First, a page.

There’s a line in the title track of the latest Special Consensus album, Scratch Gravel Road, where the singer describes coming from a place where a “man can live his life away and never see the sun.” No doubt a familiar spot for most who dedicate their lives to making music, toiling away in obscurity and going unheard.
The lyric is perhaps just as befitting of the Special Consensus story. Founded in Chicago 37 years ago and touring almost as long, they’ve delivered 16 albums with 41 different members yet remained largely unknown outside the bluegrass world. Finally, this year they received their first Grammy nomination in the category of best bluegrass album.
Greg Cahill, Special C’s founder, fearless leader and banjo extraordinaire, chatted with CMT Edge about a wide range of topics including artistic validation, the creative process and stepping into the light as a Grammy nominee.
CMT Edge: Congratulations on the Grammy nod for Scratch Gravel Road. How does it feel?
Cahill: Well, we were pretty shocked. (laughs) I’m pretty amazed that we were even nominated. I mean, we did enjoy making that record, and I can’t say enough about Alison Brown, who produced us. She just brought out the best in all of us. And then to get the nomination was an honor, and it was shocking. We were ecstatic.
You have to feel validated in a way.
When the band started in the ‘70s, we didn’t get much credibility because we were based in Chicago. People said, “Man, if you’re not from the South, you don’t know what you’re doin’.” And so we just hung in there and did our own thing and inched our way along. To have a recording be nominated for a Grammy, to me that is a validation, and it’s a real shot in the arm for the band. That’s the ultimate.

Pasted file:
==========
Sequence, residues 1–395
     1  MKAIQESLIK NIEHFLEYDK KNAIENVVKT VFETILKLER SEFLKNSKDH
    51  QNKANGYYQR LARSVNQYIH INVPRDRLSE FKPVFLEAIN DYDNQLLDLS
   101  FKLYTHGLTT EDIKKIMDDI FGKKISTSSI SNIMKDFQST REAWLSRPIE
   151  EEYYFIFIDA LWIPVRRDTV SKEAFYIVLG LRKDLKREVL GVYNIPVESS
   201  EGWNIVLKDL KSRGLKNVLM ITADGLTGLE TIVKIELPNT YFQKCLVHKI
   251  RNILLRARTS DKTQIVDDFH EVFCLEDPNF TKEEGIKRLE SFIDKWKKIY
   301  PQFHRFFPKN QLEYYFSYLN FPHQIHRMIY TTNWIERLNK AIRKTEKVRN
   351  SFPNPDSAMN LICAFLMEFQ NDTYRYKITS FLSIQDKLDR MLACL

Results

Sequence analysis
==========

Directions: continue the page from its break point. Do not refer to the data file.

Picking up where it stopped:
Do you feel like you have a responsibility or something more to live up to now?
I do. … We’ve always gone in and, of course, always done our best and thought we chose the best material at the time and put our heart and soul into every recording, but there does come now a sense of responsibility. Like we really better be thinking, “What did we do differently on this recording?” or “How did we make it better?” I’ve been listening to it again just trying to absorb that.
But the creative process is a funny thing. If you think too much about how you’re doing it, you might end up killing something mystical and magical — the very thing that took you there in the first place.
I know exactly what you’re talking about. I think it’s more absorbing the feel of this and trusting your instincts. Trust yourself, work hard, but don’t slack off, that’s for sure.
Is there something you’d like people to know about this record who haven’t heard it and who are coming to it for the first time?
It’s really hard to put a tag on it. I think we just tried to make the best record possible. It was a labor of love. We really thought about it, and we really felt it. It wasn’t something where you go in and say, “It’s time to make a record. Let’s just do it.” We wanted to, at the end, have people say that they liked it. You know, reach people, touch people with it.